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Deli Pickles While You Wait! PDF Print E-mail
Written by Cris   
Sunday, 19 February 2006

 When I made my Grandma's homemade pickles last weekend I had some extra cucumbers that would not fit in my jars, so I decided to try a salt-brined "fermented" pickle method.

I have made this type of pickles in the past, but normally the recipe calls for an about 2.5% salt solution to ferment the cucumbers in. This time I wanted to see if I could use the approximately 5.5% brine that tastes so good from my grandmother's recipe.

The benefit to the brine fermentation is that they do not take nearly as long to pickle, and the lactic acid created in the fermentation process makes the pickles taste more like deli pickles.

Read on for the step by step instructions...


First the ingredients:

cucumbers                                                 garlic

black pepper                                      dill seed

black mustard seeds                yellow mustard seeds                white vinegar

dill weed and red jalapenos- for this batch, I am using last year's pickled peppers from my garden

a big jar and salt.  I am using kosher salt for this recipe as I am not concerned with any cloudyness that it might cause in the brine.

prepare the brine

mix up the brine in a ratio of 5 quarts water to 1 quart vinegar to 11oz salt.
(I decided to halve the recipe since I am only using a 1 gallon jar
10 cups water :2 cups vinegar: 5.5oz salt)

prepare the ingredients

1 tsp black pepper, 2 cloves garlic, 2 tsp dill seed, 1 tsp black mustard seed, 1 tsp yellow mustard seed, 1 red jalapeno and 2 sprigs of dill per each quart jar. (for this jar I multiplied everything times 3)

wash and sterilize the jar (I use 1 Tbls bleach per 1 gallon of water to kill all unwanted bacteria)
and clean the cucumbers.  Make sure to scrape the blossom end clean to prevent unwanted enzymes from affecting the fermentation.  You don't want any flowers, or brown blossom scabs on this end.  The other end may have a stem, but that's OK if you like to leave it on.

pack the spices and cucumbers in the jar

and add the brine.  (do NOT heat the brine for this method)

as you can see, the cucumbers float.

they MUST remain submerged to prevent spoilage, so I use a small bowl inside the rim and invert the jar lid to make sure the bowl keeps the cucumbers held down.

Now we wait.  In a day or two there should be bubbles starting to form around the pickles.  IF any scum forms on the surface of the liquid I will skim that off, but I never really ever get any scum...

I'll check back in a few days to see how the pickles are going, and also to see when it is time to stop the fermentation and put them in the refrigerator.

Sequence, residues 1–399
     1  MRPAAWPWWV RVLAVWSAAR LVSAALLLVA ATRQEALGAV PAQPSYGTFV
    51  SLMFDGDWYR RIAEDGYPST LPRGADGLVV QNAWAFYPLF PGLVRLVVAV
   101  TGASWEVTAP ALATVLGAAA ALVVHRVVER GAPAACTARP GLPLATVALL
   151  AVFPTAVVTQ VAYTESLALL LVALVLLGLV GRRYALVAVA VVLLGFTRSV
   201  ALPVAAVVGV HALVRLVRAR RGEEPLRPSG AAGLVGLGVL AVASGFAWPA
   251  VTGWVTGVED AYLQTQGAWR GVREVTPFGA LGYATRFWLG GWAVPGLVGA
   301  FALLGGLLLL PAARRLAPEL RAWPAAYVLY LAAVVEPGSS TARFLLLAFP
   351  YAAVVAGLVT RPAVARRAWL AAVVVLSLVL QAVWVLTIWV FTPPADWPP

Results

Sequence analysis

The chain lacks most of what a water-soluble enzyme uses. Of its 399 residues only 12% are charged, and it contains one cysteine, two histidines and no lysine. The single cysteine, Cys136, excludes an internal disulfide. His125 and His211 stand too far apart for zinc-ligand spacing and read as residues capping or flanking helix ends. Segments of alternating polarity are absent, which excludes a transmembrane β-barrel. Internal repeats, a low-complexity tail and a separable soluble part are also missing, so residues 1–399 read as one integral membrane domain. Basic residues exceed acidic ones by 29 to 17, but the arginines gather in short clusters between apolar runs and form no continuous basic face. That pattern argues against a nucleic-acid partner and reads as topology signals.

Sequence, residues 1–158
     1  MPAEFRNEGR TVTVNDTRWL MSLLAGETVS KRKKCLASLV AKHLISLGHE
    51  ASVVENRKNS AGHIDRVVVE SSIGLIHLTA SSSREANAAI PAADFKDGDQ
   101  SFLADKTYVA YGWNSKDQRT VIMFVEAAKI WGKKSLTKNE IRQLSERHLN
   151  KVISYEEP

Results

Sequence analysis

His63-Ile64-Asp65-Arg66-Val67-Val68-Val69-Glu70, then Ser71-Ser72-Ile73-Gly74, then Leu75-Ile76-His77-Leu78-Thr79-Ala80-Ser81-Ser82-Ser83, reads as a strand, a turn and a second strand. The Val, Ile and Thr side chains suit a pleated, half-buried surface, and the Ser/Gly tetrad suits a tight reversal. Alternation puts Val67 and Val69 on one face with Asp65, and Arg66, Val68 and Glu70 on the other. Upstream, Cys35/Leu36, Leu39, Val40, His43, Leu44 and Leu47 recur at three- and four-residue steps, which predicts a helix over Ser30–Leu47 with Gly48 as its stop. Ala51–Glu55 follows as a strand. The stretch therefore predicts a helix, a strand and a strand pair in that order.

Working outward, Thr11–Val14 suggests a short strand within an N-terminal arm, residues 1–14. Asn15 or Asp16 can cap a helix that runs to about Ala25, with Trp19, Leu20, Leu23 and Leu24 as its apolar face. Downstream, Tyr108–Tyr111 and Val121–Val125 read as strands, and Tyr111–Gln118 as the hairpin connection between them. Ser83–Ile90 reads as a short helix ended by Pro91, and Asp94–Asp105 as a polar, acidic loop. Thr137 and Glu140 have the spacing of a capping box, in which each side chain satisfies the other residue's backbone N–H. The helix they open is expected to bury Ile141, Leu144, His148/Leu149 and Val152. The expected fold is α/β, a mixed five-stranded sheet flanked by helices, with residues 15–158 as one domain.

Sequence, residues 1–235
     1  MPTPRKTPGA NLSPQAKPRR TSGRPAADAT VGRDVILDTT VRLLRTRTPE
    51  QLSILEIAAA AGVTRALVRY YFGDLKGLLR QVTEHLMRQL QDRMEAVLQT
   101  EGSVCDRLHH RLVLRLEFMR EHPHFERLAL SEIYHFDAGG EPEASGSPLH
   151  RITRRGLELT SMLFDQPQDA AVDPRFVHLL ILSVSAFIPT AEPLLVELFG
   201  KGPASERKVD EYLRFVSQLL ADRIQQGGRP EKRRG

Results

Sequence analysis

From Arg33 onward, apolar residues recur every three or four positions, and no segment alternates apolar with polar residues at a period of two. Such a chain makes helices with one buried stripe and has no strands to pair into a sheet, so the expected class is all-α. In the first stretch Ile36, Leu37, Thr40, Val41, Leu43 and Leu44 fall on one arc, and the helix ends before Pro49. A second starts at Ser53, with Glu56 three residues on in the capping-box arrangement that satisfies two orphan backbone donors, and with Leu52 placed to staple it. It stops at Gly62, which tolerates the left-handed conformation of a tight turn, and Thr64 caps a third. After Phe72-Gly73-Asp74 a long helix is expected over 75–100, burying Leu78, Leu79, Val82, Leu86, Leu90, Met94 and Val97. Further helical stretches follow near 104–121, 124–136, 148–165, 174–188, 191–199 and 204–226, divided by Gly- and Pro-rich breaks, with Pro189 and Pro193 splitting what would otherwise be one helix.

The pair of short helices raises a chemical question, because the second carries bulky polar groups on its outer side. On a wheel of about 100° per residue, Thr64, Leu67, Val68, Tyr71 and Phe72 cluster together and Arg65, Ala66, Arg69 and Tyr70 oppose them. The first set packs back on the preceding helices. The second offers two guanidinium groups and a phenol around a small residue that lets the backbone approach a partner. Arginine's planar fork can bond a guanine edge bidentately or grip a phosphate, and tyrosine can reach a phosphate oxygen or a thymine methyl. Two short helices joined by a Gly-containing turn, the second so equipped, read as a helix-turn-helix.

After a few days...

 On day 4 of the fermentation process, everything appears to be going a little slower than I remember, but I am using a much saltier brine than in past attempts.

The liquid has slightly changed in color, and small bubbles are starting to appear and float to the surface.  There is no odor other than the vinegar smell and no "scum" on the surface of the brine.


After a few more days


well, it is a week later

and I can't tell if anything is changing in the jar, so I decided to give one a taste:

Firstly, you can see that some of the smaller ones have shrivelled a little, but the larger ones did not.

Also, they have changed in color quite noticably:

                          before                                        after                               shrivelled

and the insides are no longer pure white

They are nicely sour but do not taste overwhelmingly of garlic, nor are they hot and spicy.  They taste pretty much like your classic deli pickle, and the good part is that it really only took about a week to ferment. (It has been in the 70's to 80s here this week which may have also helped)  At this point I am placing the entire jar in the refigerator to stop the rapid fermentation process so that I can enjoy them at my leisure. 

I am actually quite happy with the way these turned out.   dancing 

Note: if you like your pickles more on the sour side, you can let them ferment a little longer until they reach the sourness level that you prefer, or you can start with a brine ratio of 8 cups water : 2 cups vinegar : 5.5oz salt.  The batch I did with this brine turned out quite sour, yet still very tasty.

I also did a batch with a habanero in place of the jalepenos.  It did make the pickles a tiny bit more spicy, but not a lot more.  I have a feeling that the longer they soak with that pepper, the hotter they will be!

-cris  {moscomment}

Last Updated ( Friday, 24 March 2006 )
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